It is important for children to learn the difference between the voiced and unvoiced TH sound, as they are both used frequently in speech. Voiced TH sounds are usually found at the beginning of words, while unvoiced TH sounds are usually found in the middle or at the end of words.
Let’s Talk about how to teach your child to produce the TH sound
There are a few different ways that you can help your child practice the TH sound. One way is to have them hold a straw in their mouth and blow through it to make the sound. This will help them get a feel for the correct position of their tongue and the amount of air needed to produce the sound.
Another way is to have them place their finger on their throat as they make it. This will help them feel whether or not they are using the correct muscles.
You can also practice words with TH sounds in them. Start with simple words with TH sound such as “three” or “bath” and then move on to more difficult words such as “theory” or “earth”. As your child gets better at producing the sound, you can increase the difficulty of the words.
Here are some fun activities to help your child practice the TH sound
Not gonna lie, practicing new sounds can be pretty boring for kids. But don’t worry, we’ve got you covered! Here are a few fun games and activities that you can do to help your child practice it!
1. Blowing bubbles
Have your child blow bubbles through a straw. This will help them get a feel for the correct position of their tongue and the amount of air needed to produce the sound. However, it is important to emphasize the sound you are working on while doing this activity. Introduce words with TH sounds such as “bath”, “thirsty”, or “clothes” and have them repeat the word as they blow the bubbles.
2. Pop the balloon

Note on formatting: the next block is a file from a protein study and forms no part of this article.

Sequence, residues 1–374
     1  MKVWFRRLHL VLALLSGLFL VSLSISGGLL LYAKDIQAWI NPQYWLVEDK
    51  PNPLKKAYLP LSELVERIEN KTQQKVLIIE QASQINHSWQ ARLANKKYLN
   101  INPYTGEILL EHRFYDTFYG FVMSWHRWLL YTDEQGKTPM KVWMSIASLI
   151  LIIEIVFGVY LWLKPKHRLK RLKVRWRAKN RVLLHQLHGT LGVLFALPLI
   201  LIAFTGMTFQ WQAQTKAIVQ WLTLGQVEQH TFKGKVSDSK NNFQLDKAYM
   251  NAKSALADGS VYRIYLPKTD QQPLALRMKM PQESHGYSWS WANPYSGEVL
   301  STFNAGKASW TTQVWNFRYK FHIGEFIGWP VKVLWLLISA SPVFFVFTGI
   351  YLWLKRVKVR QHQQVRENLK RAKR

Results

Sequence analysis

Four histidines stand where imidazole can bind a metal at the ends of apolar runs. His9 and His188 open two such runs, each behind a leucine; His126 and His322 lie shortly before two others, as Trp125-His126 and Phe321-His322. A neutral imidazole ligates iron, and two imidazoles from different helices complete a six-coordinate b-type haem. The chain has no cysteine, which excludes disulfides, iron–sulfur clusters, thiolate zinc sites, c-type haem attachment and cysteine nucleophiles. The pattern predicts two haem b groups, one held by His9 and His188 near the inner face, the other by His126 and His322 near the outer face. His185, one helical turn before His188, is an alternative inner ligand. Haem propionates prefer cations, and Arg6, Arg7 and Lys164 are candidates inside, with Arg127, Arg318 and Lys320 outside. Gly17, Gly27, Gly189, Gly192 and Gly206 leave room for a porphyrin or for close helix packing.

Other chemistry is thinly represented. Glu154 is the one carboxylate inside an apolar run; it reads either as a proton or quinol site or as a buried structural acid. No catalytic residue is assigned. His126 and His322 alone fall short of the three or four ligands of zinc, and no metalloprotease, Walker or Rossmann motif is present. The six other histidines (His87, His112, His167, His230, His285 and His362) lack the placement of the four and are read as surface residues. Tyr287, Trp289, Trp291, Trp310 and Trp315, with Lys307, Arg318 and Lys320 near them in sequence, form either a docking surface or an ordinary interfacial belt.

Have your child hold a balloon in their mouth and pop it by exhaling a small amount of air through their teeth with their tongue in between their teeth. This will help them get a feel for the correct position of their tongue and the amount of air needed to produce the sound. If they get the hang out of it, introduce words with the TH sound such as “teeth”, “thorn”, or “thick” and have them repeat the word as they pop the balloon.
3. Tongue twisters
Tongue twisters are a great way to help your child practice it. Some examples of tongue twisters with TH sounds are “The thirsty crocodile drank some water” and “Thin threads take three threads to make a thicker thread”.
Reading is a great way to help your child practice the TH sound. Children who know how to read can benefit from reading books to practice their sounds. Look for books with words that have the TH sound such as “The Cat in the Hat” or “Thomas the Tank Engine”. This is a good activity for your child to be aware of how the sound is used in different words and contexts.
Have your child write sentences with words that have the TH sound such as “The cat is drinking milk” or “I think that it is time for a bath”. It is a way for them to think of words that have the sound and how to use them in a sentence. This is also a good way for you to see if your child is able to use the sound correctly in words.
With a little bit of practice, your child will be producing it like a pro in no time! If you need any help, please feel free to contact us. We would be more than happy to help you and your child out!